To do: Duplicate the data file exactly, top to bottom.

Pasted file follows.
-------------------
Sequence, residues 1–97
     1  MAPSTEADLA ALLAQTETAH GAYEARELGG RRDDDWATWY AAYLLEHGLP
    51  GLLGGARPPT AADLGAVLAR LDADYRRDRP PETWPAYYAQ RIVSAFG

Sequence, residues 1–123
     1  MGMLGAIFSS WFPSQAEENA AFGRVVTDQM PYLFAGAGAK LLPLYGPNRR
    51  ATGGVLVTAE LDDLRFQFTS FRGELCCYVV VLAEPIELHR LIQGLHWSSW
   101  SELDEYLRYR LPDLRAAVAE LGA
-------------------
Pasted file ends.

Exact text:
Sequence, residues 1–97
     1  MAPSTEADLA ALLAQTETAH GAYEARELGG RRDDDWATWY AAYLLEHGLP
    51  GLLGGARPPT AADLGAVLAR LDADYRRDRP PETWPAYYAQ RIVSAFG

Sequence, residues 1–123
     1  MGMLGAIFSS WFPSQAEENA AFGRVVTDQM PYLFAGAGAK LLPLYGPNRR
    51  ATGGVLVTAE LDDLRFQFTS FRGELCCYVV VLAEPIELHR LIQGLHWSSW
   101  SELDEYLRYR LPDLRAAVAE LGA